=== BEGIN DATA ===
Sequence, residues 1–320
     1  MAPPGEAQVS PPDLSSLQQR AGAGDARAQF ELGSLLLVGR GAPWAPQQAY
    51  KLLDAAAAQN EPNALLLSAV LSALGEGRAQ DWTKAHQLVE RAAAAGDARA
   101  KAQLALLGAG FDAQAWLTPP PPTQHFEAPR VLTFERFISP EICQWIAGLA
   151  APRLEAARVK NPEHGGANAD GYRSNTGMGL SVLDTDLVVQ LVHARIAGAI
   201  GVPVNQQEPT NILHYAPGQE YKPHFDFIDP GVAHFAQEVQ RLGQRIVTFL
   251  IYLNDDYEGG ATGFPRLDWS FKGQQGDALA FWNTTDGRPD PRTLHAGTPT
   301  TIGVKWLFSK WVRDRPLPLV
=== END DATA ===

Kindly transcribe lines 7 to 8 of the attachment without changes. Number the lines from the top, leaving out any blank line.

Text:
   251  IYLNDDYEGG ATGFPRLDWS FKGQQGDALA FWNTTDGRPD PRTLHAGTPT
   301  TIGVKWLFSK WVRDRPLPLV